Delivery Vigil#1In my first class in this program (Fall 2008), I was assigned to a team of four total people. We worked well together and communicated in a discussion board, over e-mail, and on conference calls. As it was our first class, our process was not highly organized, but we did choose tasks and each of us contributed our portions within the time frame we elected. One person chose to do the PowerPoint.
On the due date, we were still fine-tuning and reviewing the PowerPoint. By 11pm of the due date, we still have yet to finish and deliver the PowerPoint, even though we had reviewed at least two prior drafts. The person who designed the PowerPoint was also in charge of delivering it, and acknowledged some technical difficulty on his end with uploading the PowerPoint, which was a large file. The other two team members signed off, leaving me and this one person working together to finalize our project.
As the hour ticked down, I began to feel increasingly nervous. I also felt exhausted, having done my part and then some, and now I was up later than I thought healthy for me. I tried to contact him in the discussion board, but he thought I had gone to bed. Given our miscommunication, I panicked. In the absence of other team members who had signed off for the night, I took it on myself to develop a contingency plan. I took the most recent draft, and finished and delivered it myself. I felt terrible doing this. I felt I was stepping on his toes, but in the absence of communication, I had no idea of the project's progress, and I did not want the whole team to suffer a loss when we all had worked hard and well together. I knew each person cared about the quality, including the person designing the PowerPoint.
Turns out I delivered my version a few minutes before he delivered his, but both versions posted minutes before midnight. This was too close to call as far as I was concerned, and we both felt bad, recognizing that the miscommunication led to ambiguity and uncertainty. The moral of the story: design communication and delivery processes that allow for a rigorous and realistic pace without last minute emergencies or mix-ups.
We both followed up with each other to be sure we were still on good fitting. We had done to prior projects together for this class, and have developed a rapport by this time. Thankfully, our relationship as colleagues do not suffer for our mishap, but I learned from this experience that I do not want such a close call, anxiety, and a doubled-up-effort again.
Delivery Vigil#2In another team project, I was left with editing responsibilities for the PowerPoint. I worked 10 hours that day, in addition to about the same number of hours I worked every day for this particular project. Many APA errors needed to be corrected, and as the hours tick down again, towards 8pm PST, I struggled to contact all team members for our "green light" vote. This team project was worth a significant portion of our grade (40%). Given my last experience, I felt uncomfortable delivering the PowerPoint without anyone else's approval. However, I also felt a sense of urgency as my Friday night he came another vigil over a PowerPoint.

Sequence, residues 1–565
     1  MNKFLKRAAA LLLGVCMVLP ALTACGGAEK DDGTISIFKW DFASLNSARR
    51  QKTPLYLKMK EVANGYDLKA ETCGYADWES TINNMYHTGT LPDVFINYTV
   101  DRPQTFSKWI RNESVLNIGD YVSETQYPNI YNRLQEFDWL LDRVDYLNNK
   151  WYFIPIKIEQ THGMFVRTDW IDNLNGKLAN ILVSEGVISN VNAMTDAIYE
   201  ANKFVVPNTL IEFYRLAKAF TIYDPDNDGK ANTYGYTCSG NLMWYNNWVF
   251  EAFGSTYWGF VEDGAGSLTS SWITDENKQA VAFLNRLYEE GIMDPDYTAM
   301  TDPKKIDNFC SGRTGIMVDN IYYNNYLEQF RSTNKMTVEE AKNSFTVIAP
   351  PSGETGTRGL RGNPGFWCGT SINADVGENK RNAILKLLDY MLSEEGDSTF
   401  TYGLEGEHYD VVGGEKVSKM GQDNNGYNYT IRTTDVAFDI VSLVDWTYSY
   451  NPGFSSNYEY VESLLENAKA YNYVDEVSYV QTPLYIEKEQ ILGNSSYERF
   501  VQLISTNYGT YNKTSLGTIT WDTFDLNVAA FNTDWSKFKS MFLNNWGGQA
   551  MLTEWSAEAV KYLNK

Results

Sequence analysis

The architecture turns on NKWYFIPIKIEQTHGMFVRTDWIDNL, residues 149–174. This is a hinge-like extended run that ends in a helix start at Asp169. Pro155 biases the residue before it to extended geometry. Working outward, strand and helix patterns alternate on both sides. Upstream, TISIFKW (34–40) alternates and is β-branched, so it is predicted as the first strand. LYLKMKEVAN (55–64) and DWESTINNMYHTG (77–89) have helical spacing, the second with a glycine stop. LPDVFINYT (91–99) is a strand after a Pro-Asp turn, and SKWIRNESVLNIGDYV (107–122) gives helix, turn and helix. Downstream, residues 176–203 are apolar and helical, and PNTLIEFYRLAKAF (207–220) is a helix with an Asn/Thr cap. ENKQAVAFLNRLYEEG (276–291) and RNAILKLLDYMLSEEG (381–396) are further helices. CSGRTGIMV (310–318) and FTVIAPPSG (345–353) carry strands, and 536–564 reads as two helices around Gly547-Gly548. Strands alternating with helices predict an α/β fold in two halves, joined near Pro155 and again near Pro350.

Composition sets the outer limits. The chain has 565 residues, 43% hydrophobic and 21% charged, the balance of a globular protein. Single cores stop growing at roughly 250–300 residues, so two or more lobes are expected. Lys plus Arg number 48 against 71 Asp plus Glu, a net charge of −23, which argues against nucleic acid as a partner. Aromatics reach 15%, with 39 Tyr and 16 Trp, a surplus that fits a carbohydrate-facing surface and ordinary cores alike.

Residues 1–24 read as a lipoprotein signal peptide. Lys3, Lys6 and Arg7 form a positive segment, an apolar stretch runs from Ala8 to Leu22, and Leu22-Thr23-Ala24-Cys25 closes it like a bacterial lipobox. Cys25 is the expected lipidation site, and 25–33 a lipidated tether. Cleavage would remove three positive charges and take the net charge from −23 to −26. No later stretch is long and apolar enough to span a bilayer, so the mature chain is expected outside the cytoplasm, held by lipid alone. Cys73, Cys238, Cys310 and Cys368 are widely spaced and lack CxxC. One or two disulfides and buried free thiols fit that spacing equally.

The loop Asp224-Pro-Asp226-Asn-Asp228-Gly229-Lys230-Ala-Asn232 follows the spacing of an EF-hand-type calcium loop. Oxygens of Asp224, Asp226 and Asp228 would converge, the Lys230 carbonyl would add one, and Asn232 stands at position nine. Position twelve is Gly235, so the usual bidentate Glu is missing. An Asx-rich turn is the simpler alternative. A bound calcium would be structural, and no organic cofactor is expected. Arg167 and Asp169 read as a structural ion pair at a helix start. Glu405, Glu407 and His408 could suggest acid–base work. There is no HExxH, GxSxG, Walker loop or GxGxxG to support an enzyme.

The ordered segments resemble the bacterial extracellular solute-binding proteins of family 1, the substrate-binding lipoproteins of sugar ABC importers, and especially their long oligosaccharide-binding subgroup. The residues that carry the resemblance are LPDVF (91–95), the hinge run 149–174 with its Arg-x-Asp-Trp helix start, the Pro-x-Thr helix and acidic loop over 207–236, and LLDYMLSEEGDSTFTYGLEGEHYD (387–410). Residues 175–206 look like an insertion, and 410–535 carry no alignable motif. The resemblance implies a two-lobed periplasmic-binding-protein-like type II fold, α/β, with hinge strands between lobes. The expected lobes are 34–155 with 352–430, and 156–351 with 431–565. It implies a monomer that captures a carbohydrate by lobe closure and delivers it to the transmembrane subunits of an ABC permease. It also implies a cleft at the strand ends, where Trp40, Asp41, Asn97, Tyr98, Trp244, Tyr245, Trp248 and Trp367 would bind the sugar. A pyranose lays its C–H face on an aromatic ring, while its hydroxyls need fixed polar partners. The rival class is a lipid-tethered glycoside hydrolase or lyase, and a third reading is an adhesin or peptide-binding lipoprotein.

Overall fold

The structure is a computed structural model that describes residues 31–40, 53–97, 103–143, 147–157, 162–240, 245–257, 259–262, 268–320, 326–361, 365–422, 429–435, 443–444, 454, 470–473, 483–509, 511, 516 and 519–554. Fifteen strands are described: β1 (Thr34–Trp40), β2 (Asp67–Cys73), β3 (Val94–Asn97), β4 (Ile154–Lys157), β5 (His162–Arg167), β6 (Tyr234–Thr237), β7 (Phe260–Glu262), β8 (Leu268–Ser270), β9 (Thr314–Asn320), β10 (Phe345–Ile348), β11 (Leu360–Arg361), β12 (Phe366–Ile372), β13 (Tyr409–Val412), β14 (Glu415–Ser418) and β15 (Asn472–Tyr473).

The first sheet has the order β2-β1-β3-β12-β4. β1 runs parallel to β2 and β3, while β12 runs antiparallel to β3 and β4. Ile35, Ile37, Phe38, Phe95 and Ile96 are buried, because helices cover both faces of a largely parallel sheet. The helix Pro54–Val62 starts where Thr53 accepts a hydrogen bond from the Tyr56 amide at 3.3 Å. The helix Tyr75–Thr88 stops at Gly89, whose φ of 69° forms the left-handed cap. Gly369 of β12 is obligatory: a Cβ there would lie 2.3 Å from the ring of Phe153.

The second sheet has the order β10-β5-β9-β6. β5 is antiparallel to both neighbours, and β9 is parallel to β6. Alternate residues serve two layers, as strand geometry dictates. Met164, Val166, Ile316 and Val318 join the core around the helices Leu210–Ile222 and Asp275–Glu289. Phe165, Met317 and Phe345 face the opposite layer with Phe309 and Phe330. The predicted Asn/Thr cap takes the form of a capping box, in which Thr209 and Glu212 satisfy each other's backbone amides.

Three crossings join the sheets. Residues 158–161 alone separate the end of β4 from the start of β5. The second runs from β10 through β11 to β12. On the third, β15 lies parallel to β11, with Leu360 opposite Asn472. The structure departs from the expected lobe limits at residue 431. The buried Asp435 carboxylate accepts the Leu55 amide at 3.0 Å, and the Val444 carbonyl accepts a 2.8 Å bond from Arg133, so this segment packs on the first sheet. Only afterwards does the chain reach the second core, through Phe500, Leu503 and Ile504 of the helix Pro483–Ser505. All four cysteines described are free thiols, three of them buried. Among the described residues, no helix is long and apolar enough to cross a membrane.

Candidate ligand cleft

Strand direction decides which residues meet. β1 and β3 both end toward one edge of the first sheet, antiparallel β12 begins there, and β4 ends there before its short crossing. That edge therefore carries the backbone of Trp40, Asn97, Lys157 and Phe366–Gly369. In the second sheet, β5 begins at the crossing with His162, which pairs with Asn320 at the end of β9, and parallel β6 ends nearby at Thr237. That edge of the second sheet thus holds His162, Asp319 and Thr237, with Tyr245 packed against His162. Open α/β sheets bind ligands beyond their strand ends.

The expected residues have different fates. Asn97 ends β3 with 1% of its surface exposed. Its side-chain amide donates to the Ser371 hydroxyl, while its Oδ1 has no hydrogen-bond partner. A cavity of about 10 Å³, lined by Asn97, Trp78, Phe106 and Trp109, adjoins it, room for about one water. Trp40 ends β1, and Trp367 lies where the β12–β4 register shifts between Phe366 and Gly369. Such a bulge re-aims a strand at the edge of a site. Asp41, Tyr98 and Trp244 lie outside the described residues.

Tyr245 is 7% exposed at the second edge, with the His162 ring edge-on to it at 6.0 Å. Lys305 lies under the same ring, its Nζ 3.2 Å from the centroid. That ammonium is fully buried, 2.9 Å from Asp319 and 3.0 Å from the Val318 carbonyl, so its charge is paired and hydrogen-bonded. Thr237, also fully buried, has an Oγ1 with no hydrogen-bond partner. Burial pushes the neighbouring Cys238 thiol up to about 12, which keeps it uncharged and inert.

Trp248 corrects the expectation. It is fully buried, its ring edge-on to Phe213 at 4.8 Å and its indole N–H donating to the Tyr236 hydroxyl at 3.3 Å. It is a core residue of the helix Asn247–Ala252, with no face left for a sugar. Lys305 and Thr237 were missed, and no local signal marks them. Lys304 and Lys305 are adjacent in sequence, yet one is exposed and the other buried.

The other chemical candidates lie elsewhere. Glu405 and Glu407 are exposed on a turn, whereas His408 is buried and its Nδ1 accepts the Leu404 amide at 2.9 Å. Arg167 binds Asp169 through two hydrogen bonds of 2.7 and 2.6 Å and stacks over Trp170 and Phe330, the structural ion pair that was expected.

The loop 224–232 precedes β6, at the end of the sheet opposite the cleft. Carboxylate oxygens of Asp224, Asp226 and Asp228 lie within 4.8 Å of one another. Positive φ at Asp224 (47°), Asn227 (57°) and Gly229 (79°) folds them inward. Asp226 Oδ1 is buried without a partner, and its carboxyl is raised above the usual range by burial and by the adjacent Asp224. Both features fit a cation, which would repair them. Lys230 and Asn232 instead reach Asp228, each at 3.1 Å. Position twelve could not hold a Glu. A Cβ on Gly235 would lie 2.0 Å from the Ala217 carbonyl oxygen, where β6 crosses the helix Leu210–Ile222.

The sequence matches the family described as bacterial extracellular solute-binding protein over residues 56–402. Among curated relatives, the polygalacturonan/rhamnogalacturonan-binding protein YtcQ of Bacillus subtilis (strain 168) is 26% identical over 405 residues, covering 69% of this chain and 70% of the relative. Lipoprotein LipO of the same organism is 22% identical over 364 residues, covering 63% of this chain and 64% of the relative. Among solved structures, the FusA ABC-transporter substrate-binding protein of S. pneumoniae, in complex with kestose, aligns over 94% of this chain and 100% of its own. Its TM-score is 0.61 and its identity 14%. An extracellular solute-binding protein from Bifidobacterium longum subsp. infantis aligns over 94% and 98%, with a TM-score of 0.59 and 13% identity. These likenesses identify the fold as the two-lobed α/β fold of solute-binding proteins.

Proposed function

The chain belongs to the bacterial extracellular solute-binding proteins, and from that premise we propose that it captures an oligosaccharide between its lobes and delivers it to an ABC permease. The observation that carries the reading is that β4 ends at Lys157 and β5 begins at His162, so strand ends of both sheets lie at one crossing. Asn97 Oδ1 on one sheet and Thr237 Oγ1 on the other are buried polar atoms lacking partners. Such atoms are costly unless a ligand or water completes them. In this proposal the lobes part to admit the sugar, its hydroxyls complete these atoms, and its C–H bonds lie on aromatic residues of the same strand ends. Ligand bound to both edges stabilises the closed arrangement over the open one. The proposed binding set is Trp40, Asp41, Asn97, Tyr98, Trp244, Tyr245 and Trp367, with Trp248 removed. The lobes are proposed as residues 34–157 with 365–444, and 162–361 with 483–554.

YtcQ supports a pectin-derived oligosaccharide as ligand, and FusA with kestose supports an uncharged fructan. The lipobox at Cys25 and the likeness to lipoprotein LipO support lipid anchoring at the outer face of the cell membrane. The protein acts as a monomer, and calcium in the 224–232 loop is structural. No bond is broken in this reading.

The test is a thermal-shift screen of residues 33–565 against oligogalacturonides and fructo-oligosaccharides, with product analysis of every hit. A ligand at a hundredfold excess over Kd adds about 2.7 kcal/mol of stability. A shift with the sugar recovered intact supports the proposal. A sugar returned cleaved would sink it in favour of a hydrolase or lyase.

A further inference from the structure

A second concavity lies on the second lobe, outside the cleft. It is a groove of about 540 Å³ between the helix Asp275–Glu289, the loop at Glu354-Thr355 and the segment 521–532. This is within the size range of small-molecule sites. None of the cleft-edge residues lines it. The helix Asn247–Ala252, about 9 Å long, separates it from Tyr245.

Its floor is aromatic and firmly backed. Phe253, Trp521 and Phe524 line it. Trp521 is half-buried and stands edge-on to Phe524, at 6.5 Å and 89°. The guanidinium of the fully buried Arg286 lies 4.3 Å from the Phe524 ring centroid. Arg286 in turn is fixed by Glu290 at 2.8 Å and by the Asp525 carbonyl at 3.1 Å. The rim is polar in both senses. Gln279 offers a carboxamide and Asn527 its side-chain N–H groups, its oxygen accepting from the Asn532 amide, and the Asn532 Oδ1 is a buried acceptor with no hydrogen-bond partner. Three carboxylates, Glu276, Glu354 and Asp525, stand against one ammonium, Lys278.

As our team designated due date of 8pm PST came, I still had yet to hear from 1 team member's vote to go ahead and post. I had tried everything to contact this person, even texting him. again, I felt I needed to make a difficult decision, and posted the final product even without this one person's vote to do so. I envision myself as a leader who encourages and integrate each person's gifts, competencies, and experiences into a cohesive and collaborative effort. I want to keep my promises, and feel responsible for my team. So I left this experience feeling dissonant, that I had not lived up to my promised standard to myself and to my team, even though I know I have done my best.
These experiences led me to create a task schedule that would allow for each person to contribute their elected tasks and edit and review each other's work. I learned from our current project that it's important to also add a stabilization stage, where 24 hours prior to delivery no more content or edits are done. The only task people do in a stabilization stage is to look over the work and catch any last errors.
Lessons LearnedI find I learn something new with each experience. Now I know the importance of sharing critical tasks creation and delivery with more than one person. Now I know to clarify to the team early on the paramount need for us to communicate in task-chunks based on completion estimates and specific times, and to collaborate over critical projects and deliveries.
A Collaborative Task & Delivery DesignThus, I advocate collaboration of at least 2 people for critical deliverables. This model provides a fail-safe. This model also reduces ambiguity and anxiety involving limited communication, thereby creating a more healthy and positive experience for everyone, and to integrate each person's strength, to allow for greater accountability, to reduce team anxiety on delivery day, and to honor each person's choice in electing a given task.
High-Performing TeamsUltimately, as Denning (2005), I believe a high-performance team collaborates and is flexible and can adapt on-the-fly, transforming stress to success. I hope my above story helps everyone to understand our reasons behind this change. We want each person to have a quality team experience and to integrate each person's ingenuity and strengths for the benefit of the team and the final product.
Thank you for reading,